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Beatles star attempts to save the polar bear

Greenpeace wants Rio+20 to issue a UN resolution to ban oil exploration and unsustainable fishing. This picture was taken in 2009 Photo: The United Nations.

Sir Paul McCartney, Penelope Cruz and Robert Redford are among the stars backing a new campaign to protect the Arctic from oil drilling and unsustainable fishing.

Greenpeace are calling for ministers at the Rio+20 climate change talks to pass a UN resolution to create a sanctuary around the North Pole and ban further exploration of the wider Arctic.

The area is being increasingly encroached by humans as temperatures continue to rise and ice caps melt.

This picture was taken in 2009 Credit: The United Nations.

Native people say their traditional way of life is under threat as large scale oil companies have already started drilling at offshore sites across the Arctic.

Greenpeace say the Arctic belongs to the whole world because it is defined in international law as the high seas. They say the future of the polar bear depends on the Arctic being preserved, and the earth's temperature being stabilised. Paul McCartney said it was crucial for governments to take action before it was too late:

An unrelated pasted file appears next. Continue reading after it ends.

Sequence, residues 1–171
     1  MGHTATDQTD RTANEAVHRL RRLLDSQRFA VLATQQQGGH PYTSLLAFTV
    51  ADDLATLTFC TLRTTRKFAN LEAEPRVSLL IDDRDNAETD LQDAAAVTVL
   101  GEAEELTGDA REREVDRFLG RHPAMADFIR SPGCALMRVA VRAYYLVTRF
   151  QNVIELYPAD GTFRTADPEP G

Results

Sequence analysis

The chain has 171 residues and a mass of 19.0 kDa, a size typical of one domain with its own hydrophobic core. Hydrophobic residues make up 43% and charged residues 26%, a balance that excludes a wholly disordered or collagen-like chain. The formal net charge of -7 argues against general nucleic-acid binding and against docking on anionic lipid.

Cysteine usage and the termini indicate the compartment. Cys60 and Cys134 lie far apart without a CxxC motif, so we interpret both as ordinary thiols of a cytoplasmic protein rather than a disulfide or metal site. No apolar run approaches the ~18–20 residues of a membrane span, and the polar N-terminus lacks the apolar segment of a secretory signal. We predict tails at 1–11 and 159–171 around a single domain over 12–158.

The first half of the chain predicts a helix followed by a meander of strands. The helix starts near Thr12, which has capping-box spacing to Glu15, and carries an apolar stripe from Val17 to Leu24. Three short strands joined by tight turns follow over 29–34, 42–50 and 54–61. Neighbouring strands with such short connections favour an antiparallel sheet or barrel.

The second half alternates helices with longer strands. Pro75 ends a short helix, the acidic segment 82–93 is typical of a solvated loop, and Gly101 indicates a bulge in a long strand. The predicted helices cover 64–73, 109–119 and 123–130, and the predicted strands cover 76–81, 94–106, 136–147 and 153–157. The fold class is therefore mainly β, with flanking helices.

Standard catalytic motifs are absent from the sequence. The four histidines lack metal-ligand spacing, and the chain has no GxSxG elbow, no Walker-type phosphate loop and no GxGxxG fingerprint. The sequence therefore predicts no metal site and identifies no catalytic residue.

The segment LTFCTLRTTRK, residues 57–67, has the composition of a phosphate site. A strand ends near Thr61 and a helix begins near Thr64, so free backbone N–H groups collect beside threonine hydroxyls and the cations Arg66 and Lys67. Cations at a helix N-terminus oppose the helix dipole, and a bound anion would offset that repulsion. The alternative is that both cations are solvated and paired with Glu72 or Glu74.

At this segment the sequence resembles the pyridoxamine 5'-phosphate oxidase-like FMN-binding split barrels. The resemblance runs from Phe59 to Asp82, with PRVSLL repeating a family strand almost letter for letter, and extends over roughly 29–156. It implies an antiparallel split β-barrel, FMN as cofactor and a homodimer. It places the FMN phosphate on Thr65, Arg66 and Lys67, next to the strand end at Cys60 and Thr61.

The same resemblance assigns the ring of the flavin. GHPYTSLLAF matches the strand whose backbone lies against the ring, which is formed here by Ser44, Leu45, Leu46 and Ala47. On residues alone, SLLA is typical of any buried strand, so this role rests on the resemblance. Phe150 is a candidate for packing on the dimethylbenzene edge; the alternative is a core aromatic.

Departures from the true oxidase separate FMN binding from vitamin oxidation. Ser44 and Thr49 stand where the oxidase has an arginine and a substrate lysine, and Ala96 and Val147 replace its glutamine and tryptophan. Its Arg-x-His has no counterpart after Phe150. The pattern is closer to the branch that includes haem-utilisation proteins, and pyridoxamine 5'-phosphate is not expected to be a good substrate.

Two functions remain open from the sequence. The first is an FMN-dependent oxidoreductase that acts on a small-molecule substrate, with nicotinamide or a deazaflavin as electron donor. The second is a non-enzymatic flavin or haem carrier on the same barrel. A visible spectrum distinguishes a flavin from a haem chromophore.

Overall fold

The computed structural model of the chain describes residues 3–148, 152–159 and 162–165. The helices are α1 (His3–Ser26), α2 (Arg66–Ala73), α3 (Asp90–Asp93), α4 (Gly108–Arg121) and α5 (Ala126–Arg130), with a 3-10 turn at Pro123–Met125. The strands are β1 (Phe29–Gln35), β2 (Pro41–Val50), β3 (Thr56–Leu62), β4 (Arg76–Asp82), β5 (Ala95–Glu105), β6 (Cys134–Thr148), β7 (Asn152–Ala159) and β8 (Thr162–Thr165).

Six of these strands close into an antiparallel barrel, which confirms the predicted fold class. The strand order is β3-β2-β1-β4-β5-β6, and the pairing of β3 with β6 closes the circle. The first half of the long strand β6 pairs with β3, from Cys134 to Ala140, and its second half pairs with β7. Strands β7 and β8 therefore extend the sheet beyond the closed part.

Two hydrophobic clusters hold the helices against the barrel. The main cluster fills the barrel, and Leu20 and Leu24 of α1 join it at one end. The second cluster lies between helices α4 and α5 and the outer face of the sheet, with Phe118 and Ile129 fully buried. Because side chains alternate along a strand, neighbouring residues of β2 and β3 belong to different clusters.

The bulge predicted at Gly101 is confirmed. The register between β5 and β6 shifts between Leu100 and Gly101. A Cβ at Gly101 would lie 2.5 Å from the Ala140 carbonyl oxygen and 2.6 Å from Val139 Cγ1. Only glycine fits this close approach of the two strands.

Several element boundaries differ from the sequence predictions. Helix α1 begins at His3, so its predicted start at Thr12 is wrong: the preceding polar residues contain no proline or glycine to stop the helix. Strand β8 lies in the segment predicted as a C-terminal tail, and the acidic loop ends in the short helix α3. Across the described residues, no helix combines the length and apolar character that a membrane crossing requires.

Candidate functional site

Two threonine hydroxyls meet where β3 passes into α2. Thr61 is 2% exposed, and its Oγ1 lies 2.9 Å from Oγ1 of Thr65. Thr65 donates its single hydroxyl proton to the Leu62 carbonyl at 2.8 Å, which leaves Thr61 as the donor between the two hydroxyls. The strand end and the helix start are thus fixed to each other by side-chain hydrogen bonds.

The Arctic is one of the most beautiful and last untouched regions on our planet, but now it's under threat. Some countries and companies want to open it up to oil drilling and industrial fishing and do to the Arctic what they've done to the rest of our fragile planet.

Russia, Canada, the US, Norway and Denmark are each making territorial claims on the seabed to allow oil companies in.

Oil companies already drill off the coast of the Arctic. Greenpeace say they are destroying the h Credit: Greenpeace

Greenpeace are calling for a ban on offshore oil drilling as they say drilling is damaging the region's already fragile ecosystems and threatening the survival of the four million indigenous people who live there, as well as the native animals such as the polar bear.

The former Beatles star said it was "madness" to search for oil in the Arctic, and that the Rio+20 conference was the time to "take a stand."

It seems madness that we are willing to go to the ends of the Earth to find the last drops of oil when our best scientific minds are telling us we need to get off fossil fuels to give our children a future.

At some time, in some place, we need to take a stand. I believe that time is now and that place is the Arctic."

Virgin boss Sir Richard Branson is also backing the bid to make the uninhabited area around the North Pole off limits to oil drilling and unsustainable fishing. His name and that of hundreds of thousands others are are being written on an "Arctic scroll" petition which Greenpeace hopes to get signed by one million people.

An electronic polar bear walked around London today to highlight dangers of continued Arctic exploration. Credit: Elizabeth Dalziel/Greenpeace/PA Wire

The petition will then be planted on an Arctic seabed, 2.5 miles (4km) below the ice and marked by a "flag for the future".

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